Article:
In addition to the combination of cannabinoids, their dose timing and dosage schedule possibly influence the results. Two in vitro studies suggest that an intermittent dosage of CBD could decrease the viability of cancer cell lines better than continuous dosing [42, 107]. Until now, only one publication has also described the application of such a ‘pulse dosing’ regimen in man [76]. Remarkably, low daily doses of CBD have been administered according to a ‘3 days on, 3 days off’ schedule and were considered to be successful.

Conclusions

A major goal in cancer therapy is to kill malignant cells via the natural process of apoptosis, avoiding eventual ‘recyclation’ of cancer cells by autophagy. In addition to tumour-selective action of agents, this requires intact immune competence of the host.

In diseased subjects, the ECS is dysregulated. As an example, although the results were somewhat conflicting, anandamide levels seemed to be lower and 2-arachidonoylglycerol levels were upregulated in glioblastomas [108]. Glioma invasiveness has been linked to the tumour suppressor p38 MAPK; the anti-invasive effect of CBD interferes with this pathway [109]. Increased expression and activity of p38 MAPK correlates with poor prognosis in GBM. Intriguingly, the levels of phosphorylated p38 MAPK are significantly reduced in clock-deficient glioma cells, indicating that the circadian clock plays an important role in the activation of this pathway [110]. Other big players on inflammation and cell survival, such as PPARγ, also exhibit circadian expression.

In vitro, a dose-dependent increase in the apoptotic effects of CBD in glioblastoma and other human carcinoma cell cultures has been repeatedly reported whereby the ‘apoptotic threshold’ likely varies, not only between different cancer cell types but also between cannabinoids. Intriguingly, in a few experiments and in a few animals, complete eradication of tumour cells has been observed with CBD [64] as well as with THC [68]. However, it is worth noting that there are distinct differences between animal experiments and patients. Tumours in animals are artificial, whereas they are spontaneous in man. Cannabinoids have been administered during the day, which corresponds to the rest/sleep phase in mice and rats; products are most often injected once daily in animals, resulting in 100% bioavailability, and the frequency of applications varied between two and seven times per week. In contrast, oral bioavailability in man is low and administration is usually on a continuous, twice-daily basis. Patients referred to in the studies by Likar et al., as an example, have been advised to take CBD daily after breakfast and after the evening meal. In any case, the problem of translatability from preclinical results to therapy in man remains; there are considerable physiological differences between humans and animals that impact drug effects.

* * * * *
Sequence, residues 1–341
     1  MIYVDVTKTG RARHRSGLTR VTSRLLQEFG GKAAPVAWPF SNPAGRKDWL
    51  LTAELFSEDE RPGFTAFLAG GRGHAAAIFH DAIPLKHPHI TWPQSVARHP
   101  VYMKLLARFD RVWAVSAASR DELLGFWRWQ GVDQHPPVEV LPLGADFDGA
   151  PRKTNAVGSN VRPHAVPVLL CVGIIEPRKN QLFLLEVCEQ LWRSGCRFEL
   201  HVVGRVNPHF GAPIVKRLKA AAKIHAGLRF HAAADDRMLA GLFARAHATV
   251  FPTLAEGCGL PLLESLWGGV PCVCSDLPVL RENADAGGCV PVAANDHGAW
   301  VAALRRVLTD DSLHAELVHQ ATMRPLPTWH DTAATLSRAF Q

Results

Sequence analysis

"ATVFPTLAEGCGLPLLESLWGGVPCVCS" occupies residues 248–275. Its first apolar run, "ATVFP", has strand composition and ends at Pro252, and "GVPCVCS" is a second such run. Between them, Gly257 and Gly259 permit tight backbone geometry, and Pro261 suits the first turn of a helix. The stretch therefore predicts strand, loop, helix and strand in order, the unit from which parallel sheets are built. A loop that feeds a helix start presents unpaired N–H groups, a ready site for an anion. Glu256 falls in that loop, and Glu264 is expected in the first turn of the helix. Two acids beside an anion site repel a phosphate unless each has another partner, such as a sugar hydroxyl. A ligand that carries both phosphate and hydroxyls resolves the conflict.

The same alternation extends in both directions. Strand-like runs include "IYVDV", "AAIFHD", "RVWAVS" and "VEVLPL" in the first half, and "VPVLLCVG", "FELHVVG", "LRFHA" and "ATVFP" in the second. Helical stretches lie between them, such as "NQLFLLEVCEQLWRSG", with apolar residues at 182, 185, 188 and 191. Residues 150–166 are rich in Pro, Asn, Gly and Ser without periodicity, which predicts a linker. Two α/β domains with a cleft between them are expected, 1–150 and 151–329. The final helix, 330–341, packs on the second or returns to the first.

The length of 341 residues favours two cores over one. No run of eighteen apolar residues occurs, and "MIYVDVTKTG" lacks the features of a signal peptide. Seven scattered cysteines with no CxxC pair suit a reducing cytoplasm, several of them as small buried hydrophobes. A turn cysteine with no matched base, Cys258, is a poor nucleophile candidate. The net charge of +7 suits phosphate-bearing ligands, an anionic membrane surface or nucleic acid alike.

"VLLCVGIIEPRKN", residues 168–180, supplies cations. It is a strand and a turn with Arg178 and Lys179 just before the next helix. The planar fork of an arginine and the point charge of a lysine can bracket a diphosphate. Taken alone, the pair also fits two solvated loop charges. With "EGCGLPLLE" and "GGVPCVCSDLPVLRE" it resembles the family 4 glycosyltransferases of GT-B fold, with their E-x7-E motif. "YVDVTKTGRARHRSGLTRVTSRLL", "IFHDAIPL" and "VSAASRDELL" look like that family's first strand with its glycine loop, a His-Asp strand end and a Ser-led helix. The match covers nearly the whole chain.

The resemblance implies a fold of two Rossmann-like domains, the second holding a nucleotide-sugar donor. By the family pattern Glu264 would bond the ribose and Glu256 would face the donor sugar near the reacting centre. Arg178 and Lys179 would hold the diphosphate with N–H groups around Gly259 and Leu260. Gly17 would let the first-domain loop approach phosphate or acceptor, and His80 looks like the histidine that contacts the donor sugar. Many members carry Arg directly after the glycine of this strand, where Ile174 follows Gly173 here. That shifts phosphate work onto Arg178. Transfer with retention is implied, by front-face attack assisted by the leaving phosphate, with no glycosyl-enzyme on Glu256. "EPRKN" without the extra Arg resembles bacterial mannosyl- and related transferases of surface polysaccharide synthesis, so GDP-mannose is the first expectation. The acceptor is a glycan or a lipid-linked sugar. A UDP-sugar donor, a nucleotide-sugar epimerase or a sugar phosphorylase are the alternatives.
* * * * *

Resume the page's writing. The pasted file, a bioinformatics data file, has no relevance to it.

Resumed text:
The circadian rhythmicity, briefly mentioned above, particularly of the endocannabinoid and immune system, suggests that an optimal daytime period may exist during which cannabinoids have the highest impact on cancer cells; however, our knowledge of exactly when during the diurnal cycle rhythmically expressed targets are most sensitive is still insufficient. In cancer patients, the delivery of cytotoxic agents such as 5-fluorouracil or cisplatin at early night-time [111, 112] or bortezomib at the beginning of the rest (sleep) phase [113] was shown to improve treatment efficacy and tolerability. Similarly, docetaxel, another proapoptotic drug, displayed least toxicity and highest antitumour efficacy following dosing during the rest/sleep phase in mice [114]. On the other hand, temozolomide administration in the morning may improve the survival of patients with MGMT-methylated glioblastoma, according to a recent retrospective analysis [115]. It has to be stressed that any optimized intervention would need to be timed to the patient’s individual biological diurnal rhythm (personal sleep cycle). The right timing of drug administration may be as important as the right dose.